Popular Dining Areas in Miami

Popular Miami Dining

By: Shayne Benowitz

Explore the flavors of Miami through its diverse neighborhoods.

If you’ve come to Miami to eat your way around the city, there’s never been a more exciting time in the culinary landscape. With a rise in locally-owned restaurants and homegrown chefs, the flavors of Miami are being showcased in a modern and inviting way.

Of course, never one to shy away from glamour, Miami is a mecca for splashy celebrity chefs, especially in South Beach’s lavish hotels. Then there’s Miami’s diverse ethnic heritage, ranging from Cuban food to the Caribbean and beyond.

Each neighborhood has its own personality, from the type of food to the vibe in the dining room and the surrounding area. Read on to get a taste for what each Miami neighborhood brings to the table.

South Beach & Miami Beach

When it comes to glitz and glam, South Beach doesn’t let you down with an abundance of trendy and luxurious restaurants, many of which are housed inside over-the-top hotels.

New to the scene is the Faena Miami Beach Hotel. Flamboyant hotelier Alan Faena has recruited Argentinean asado grillmaster Chef Francis Mallman to take the helm of Los Fuegos and James Beard Award-winning Texas chef Paul Qui at Pao. The former, a rustic Argentinean steakhouse, and the latter, an upscale pan-Asian eatery, these are two of the hottest tables in town.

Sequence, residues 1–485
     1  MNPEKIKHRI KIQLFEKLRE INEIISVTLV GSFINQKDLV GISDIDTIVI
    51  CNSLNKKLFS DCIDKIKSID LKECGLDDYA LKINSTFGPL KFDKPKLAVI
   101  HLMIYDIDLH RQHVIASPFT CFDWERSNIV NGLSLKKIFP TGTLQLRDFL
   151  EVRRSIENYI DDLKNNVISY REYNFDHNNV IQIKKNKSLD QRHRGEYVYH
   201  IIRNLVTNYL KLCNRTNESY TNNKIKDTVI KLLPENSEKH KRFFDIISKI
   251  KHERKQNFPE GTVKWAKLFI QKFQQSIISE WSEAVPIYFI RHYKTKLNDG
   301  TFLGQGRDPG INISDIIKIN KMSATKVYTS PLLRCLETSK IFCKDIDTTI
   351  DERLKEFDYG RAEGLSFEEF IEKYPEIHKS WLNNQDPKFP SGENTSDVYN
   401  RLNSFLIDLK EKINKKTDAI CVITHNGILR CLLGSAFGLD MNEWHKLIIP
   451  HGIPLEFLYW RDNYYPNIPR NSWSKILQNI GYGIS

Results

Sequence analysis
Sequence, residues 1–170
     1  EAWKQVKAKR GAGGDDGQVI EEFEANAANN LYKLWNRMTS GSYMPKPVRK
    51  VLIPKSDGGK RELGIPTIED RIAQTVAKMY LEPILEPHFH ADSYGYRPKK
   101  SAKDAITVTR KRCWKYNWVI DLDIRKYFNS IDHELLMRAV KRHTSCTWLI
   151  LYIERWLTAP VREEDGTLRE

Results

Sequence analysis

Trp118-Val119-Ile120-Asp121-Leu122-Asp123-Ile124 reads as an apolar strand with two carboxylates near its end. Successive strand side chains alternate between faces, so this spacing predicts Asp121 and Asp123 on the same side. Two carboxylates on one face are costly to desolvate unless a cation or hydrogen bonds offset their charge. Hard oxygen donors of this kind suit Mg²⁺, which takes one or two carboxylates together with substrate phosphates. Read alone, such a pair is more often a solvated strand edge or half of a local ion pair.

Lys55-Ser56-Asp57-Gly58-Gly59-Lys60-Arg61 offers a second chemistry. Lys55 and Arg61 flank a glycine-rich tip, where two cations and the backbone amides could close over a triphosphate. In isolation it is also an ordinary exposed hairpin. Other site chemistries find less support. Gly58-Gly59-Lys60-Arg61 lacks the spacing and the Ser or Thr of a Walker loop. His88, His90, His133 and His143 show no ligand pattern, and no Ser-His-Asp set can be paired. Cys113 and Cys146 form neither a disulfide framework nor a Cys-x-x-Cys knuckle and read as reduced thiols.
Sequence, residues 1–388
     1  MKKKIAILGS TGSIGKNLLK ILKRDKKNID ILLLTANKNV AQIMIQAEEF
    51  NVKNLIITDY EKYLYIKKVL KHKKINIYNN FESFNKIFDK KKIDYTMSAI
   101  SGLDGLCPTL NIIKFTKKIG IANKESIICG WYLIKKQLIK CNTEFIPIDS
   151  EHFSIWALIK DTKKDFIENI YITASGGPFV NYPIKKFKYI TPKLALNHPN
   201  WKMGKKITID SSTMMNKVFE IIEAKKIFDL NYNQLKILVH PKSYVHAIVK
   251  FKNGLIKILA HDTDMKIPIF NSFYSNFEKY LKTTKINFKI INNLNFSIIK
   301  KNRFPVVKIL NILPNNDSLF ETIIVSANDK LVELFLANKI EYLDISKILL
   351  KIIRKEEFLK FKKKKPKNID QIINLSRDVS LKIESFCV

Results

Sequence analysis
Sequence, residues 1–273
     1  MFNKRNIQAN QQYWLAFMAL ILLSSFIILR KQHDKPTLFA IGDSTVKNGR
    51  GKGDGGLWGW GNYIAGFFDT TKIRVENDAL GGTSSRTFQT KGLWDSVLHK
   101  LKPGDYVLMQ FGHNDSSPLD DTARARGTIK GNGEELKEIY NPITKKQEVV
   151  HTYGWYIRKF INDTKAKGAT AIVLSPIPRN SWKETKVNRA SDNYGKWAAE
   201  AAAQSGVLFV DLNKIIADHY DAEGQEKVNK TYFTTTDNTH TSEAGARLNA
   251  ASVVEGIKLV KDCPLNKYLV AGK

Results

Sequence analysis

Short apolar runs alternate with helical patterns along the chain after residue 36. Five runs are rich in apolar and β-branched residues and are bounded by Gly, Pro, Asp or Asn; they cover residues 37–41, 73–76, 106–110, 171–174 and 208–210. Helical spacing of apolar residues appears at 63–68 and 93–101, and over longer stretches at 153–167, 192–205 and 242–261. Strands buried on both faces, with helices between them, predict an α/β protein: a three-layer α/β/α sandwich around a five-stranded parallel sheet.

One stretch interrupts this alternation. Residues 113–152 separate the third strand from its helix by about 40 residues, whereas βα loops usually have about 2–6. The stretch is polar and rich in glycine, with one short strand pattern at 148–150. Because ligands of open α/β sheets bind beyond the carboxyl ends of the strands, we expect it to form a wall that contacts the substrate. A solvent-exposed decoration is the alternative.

Other upscale Miami Beach hotel restaurants to score a reservation at include StripSteak by Michael Mina at the Fontainebleau, Dolce Italian at The Gale, Byblos at The Royal Palm, The Sarsaparilla Club at the Shelborne Wyndham Grand, The Bazaar by Jose Andres at SLS South Beach and Lure Fishbar at Loews Miami Beach Hotel.

But that doesn’t mean that everything is a pricy, formal affair in South Beach. A laid back local scene has crystallized over the last few years with many new restaurants serving fresh, quality dishes at reasonable prices in a more relaxed setting. Take 27 Restaurant, for instance, at The Freehand. With flavors inspired by Miami’s diverse cultures—Latin, Caribbean, Jewish and Haitian—and associated with one of the trendiest cocktail bars on the beach, aka The Broken Shaker, it’s one of South Beach’s most popular restaurants.

For other cool, local-approved haunts, head to Sunset Harbour with restaurants like Pubbelly, Icebox Café, Naiayara and Lucali.

Midtown Miami

Midtown is a neighborhood that’s come into its own in the decade or so. With luxury condominiums, the neighborhood is home to many young professionals and there’s a wide variety of nearby restaurants catering to them. The vibe is decidedly more laid back than the beach, but that doesn’t mean you can’t get dressed up and have a nice meal out here. Popular spots in the heart of midtown include Sugarcane, Bocce, and Brasserie Azur.

Wywnood

Wynwood, once an up and coming neighborhood, is considered Miami’s premiere arts district. It’s a colorful neighborhood with art galleries, chill bars and new restaurants opening every day. Neighborhood standbys include Wynwood Kitchen & Bar and Joey’s, but newcomers like Alter, Wynwood Diner, Kush and Plant Food + Wine are also popular spots.